It has been truly said that chatter is the Opium of the Hashing classes, and if you need to be convinced about this you obviously weren't there at the start of Maggie's Hash. But perhaps it was just nervousness as people timidly wondered what sneaky-hare Maggie might throw at us that evening. In the past she has conjured up everything from torrential thunder storms and thick fog, through to her sneakily shortcutting while sending the longcutters on long and very wild goose chases - which always seem to involve mountainous terrain before ending up back within feet of where we started!
I was particularly concerned as a previous hash from the pub involved me shedding a good deal of blood. possibly as a sacrifice to the hashing god (whose name, incidentally is rumoured to be Fullers). I hoped to avoid the former and indulge in the latter – sadly, and on both counts, I hoped in vain. Or do I mean hashed in vain. Or considering the blood, hashed in vein?
Soon the pre-hash chatter quelled slightly, presumably so that everyone could ignore Hare Maggie's rules for the evening, and we were off. Or to be technically accurate four people went checking while 28 other people stood idly around and continued the jovial hubbub of chatter. On-On was called towards the trail in the corner of the cricket field and I checked down the road in what was to be the first of a whole swathe of checks I got wrong. Turning into Penn Wood we hashed almost due north before arriving at the next check (where I again checked in completely the wrong direction).
With the aid or my GPS I plotted the track we took that evening in the hope of understanding the Hare's overall plan. Actually her master strategy seems to have been quite simple. We would hash north into Penn Wood, followed by west, north east and almost every other direction under the sun, through Penn Wood, but wherever we went before losing the short-cutters, we would be in Penn Wood. The trail looks somewhat like the track of a drunken spider (aside, I must check if you can make a spider drunk) (second aside, if you Google "spider alcohol" you get tohttp://www.break.com/index/effect_of_drugs_and_alcohol_on_spider_webs.html which is quite good for a laugh!).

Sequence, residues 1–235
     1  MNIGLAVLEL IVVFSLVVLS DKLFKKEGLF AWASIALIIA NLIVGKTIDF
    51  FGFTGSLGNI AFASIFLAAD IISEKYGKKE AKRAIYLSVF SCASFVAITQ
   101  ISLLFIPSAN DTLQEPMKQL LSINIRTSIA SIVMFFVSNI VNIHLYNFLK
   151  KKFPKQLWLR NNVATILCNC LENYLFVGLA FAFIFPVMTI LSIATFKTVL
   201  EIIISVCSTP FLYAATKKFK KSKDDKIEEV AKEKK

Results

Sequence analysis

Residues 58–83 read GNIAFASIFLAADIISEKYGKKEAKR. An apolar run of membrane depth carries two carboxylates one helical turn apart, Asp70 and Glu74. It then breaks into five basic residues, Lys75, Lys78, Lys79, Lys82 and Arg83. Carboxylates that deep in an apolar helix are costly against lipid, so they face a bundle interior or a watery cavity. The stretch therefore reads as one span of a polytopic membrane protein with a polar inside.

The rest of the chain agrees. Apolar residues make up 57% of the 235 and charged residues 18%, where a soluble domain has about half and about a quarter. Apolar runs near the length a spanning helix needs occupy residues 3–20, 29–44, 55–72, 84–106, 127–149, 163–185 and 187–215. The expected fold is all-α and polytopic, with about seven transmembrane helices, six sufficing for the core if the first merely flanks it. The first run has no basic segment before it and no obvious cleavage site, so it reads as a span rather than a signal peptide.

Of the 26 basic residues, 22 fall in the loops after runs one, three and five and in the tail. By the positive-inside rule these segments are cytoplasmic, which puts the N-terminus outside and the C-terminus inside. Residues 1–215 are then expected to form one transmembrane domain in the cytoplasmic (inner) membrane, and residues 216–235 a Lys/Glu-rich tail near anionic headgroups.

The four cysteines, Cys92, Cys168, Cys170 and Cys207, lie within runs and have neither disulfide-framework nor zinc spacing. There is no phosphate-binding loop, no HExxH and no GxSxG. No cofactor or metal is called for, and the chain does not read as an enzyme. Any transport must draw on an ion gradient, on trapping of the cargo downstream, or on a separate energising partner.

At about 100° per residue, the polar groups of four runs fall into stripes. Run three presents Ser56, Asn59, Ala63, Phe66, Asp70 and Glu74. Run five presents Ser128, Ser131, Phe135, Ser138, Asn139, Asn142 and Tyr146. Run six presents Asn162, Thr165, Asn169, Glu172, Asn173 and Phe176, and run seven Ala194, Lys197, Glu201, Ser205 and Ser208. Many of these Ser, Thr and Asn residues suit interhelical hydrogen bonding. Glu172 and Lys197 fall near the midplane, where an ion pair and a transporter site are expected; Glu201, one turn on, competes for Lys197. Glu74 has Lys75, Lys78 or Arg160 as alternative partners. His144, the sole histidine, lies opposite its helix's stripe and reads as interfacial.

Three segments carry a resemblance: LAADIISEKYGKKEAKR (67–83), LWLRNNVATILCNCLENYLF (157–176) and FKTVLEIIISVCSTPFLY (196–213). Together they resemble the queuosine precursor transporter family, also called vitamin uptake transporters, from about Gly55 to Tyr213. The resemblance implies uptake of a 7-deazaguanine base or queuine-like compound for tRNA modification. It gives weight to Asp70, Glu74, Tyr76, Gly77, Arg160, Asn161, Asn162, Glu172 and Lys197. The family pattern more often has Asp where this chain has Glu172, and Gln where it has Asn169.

Eventually we got to the first long-short split – or long-short stop in the case of the shorties as it was an extra loop just for the longs. If we had but known it, this loop took us back almost to the pub. But we didn't and, instead, dutifully returned to the shorts before madly tearing off in all directions around the wood (or do I mean maze?), for the next 45 minutes.
Having lost our sense of direction we eventually hit a track that most of the more experienced hashers knew and thought, "Great, very much on the way back now." I remember passing the very spot where I moosed once before, surprisingly the blood stains I had left then seem to have vanished, but I remember feeling profound relief as the area disappeared behind me. Sadly, some 250 yards further on, sneaky-Maggie (who had probably realised that a group would make a break for home around here) put in a sadistic back-check. And yes, I went all the way back to the moosing site and yes I moosed again in almost exactly the same spot and yes it was the same knee and yes there was blood. Perhaps not as much as last time but what I gained in blood I lost in dignity as I got up, viciously kicked the offending root and had to hobble as well as bleed for a while.
At the next re-group, near Penn Church, Helen got peeved at all of the people that were walking through the now-dangerously darkening wood and thus making her wait, so went back to encourage them with what we shall call her "advice."
Merging onto the common and in plain sight of the pub, the hare broke rule five of hashing by telling the longcutters that had to go on anyway. (Incidentally rule three is there are no rules, which would have put any hashers with remaining mental ability into a dilemma, fortunately none of us suffered in this way and so we ran happily on.)
Unfortunately we suffered anyway, as we had to run through a totally drenching field of very tall, very close and very wet plants. Somebody suggested that Helen was probably running through it with a snorkel and periscope so that she could a) breath and b) see where she was running.
And so totally soaked, we returned to the pub. And, incidentally, whilst I was changing we had a torrential cloudburst, but by then it made little difference.
On back at the pub the rosy glow that comes from an infusion of beer, chips and being married to a girl called Rose, set my mind into a somewhat more tranquil and appreciative mood and I could gaze back approvingly on yet another excellent hash!